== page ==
The disaster and the continuing impact of the heat and sound until the flame got extinguished has adversely impacted the herpetofauna, the reptiles and amphibians of a particular habitat, too. The Baghjan area has been a death trap within 1 to 1.5 km of its radius for many animals. PAH, oil spill, low DO and pH levels have impacted fish populations too. There has been a sizeable decline in the fish catch. Several of the rare and ornamental fish populations of Maguri are at risk. A detailed assessment is required, says the report in three volumes.

Most bird species, other than 15-20 most common birds, have been seen in single counts only following the disaster. As many as 53 per cent of bird species showed up only as singletons. Maguri Motapung Beel and the Dibru-Saikhowa National Park are unique bird habitats. Bird richness of grasslands has declined by 59 per cent and that of the wetland by 85 per cent. Since there are many threatened, endangered, critically endangered and rare birds inhabiting these parts, a systematic study is immediately required to evaluate the loss and work on a long-term basis, Mahendra Kumar Yadava has suggested in his report.

The report notes: “Post-blowout, the Gangetic river dolphin population has taken a hit. From an estimated population of 28-34 dolphins earlier, the current estimates point to not more than four dolphins. The underwater sound pollution is possibly impacting the dolphins adversely. The death of a dolphin is confirmed to have been caused by organic chemicals. The hoolock gibbons at Barekuri were adversely impacted by the oil spill. They refused to eat for at least two days. One mother gave birth to a stillborn baby, and she also died after a gap of 25 days. Most large mammals have moved out of the area, and a few that got trapped could have ingested organic chemicals while grazing and drinking water.”

Physical properties of the blowout, explosion and the flame

The flame was supersonic, with an average flame height of 108 m and mean mass flow rate of 343.50 kgs/second of natural gas and condensate in a single-phase flow at oil-head pressure of 5,100 pound per square inch. The flame was 12m wide on an average at middle point. The Mach number estimated for the supersonic flame was estimated to vary from 3.1 to 8.5.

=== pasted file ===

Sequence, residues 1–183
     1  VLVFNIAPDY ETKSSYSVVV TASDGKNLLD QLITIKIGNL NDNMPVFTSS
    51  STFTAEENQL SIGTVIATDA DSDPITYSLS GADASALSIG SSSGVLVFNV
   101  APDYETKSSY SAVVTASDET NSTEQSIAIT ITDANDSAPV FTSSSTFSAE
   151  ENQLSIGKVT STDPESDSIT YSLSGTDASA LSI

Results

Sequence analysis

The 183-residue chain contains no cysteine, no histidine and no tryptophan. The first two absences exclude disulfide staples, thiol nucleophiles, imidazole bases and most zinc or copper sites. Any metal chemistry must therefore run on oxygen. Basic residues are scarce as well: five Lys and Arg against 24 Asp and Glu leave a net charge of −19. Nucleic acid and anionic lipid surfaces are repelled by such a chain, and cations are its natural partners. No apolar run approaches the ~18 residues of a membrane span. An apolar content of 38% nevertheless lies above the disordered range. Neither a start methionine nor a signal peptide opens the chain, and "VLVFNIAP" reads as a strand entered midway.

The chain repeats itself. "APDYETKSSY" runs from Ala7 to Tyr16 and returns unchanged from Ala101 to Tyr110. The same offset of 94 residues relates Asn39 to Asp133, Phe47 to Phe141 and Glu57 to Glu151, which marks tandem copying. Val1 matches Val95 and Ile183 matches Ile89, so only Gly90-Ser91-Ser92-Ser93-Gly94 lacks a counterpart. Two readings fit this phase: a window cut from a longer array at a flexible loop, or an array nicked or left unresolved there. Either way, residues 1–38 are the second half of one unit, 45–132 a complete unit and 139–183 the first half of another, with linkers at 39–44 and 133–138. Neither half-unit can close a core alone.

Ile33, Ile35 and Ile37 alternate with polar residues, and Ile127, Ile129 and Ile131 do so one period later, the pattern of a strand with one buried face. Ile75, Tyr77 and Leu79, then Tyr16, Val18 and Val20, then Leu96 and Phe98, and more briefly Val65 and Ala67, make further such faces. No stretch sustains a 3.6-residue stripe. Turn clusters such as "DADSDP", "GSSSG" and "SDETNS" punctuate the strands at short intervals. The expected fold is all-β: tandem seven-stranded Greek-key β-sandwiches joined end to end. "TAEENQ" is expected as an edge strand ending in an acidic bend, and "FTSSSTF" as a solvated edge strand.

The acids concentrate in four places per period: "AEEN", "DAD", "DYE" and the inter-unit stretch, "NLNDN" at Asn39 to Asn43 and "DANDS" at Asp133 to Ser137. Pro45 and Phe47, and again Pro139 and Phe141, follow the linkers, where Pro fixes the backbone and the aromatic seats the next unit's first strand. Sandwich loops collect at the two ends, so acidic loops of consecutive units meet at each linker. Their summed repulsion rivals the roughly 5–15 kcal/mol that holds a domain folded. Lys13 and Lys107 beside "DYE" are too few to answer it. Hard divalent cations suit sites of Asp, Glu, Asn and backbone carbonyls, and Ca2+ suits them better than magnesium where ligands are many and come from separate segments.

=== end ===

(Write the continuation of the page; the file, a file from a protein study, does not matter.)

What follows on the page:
The flame plume carried enough heat in the atmosphere to raise the temperature from 8 oC to 34 oC heat in the surrounding areas at a height of 1,000m. The blowout explosion was estimated to be of 3.9 magnitude on the Richter Scale. The flame and the associated turbulence could cause random seismic quakes of value 1.3 magnitude or higher, “causing damage to houses in the area”, the report says. The hot gushes of air blasts emanating from the site could raise human temperature from normal to 111.2 oF. The temperature of the surrounding areas rose higher than normal by 5-10 0C.

Monetary valuation of the ecological damage

The report describes the Baghjan blowout to be a “catastrophic and worst-case blowout”. The probe panel has recommended that The Public Liability Insurance (PLI) Act, 1991, and the Environment Relief Fund need to undergo a rethinking in respect of large ecological disasters as “both were severely found wanting to meet even the basic requirements in the Baghjan blowout ecological disaster”.

The inquiry committee has estimated the damages to be Rs.25,000 crore. Estimated carbon earnings were valued at Rs.18,234 crore (during restoration) and this resulted in a net liability of Rs.6,800 crore over a period of 10 years, the report says.

This article is closed for comments.
Please Email the Editor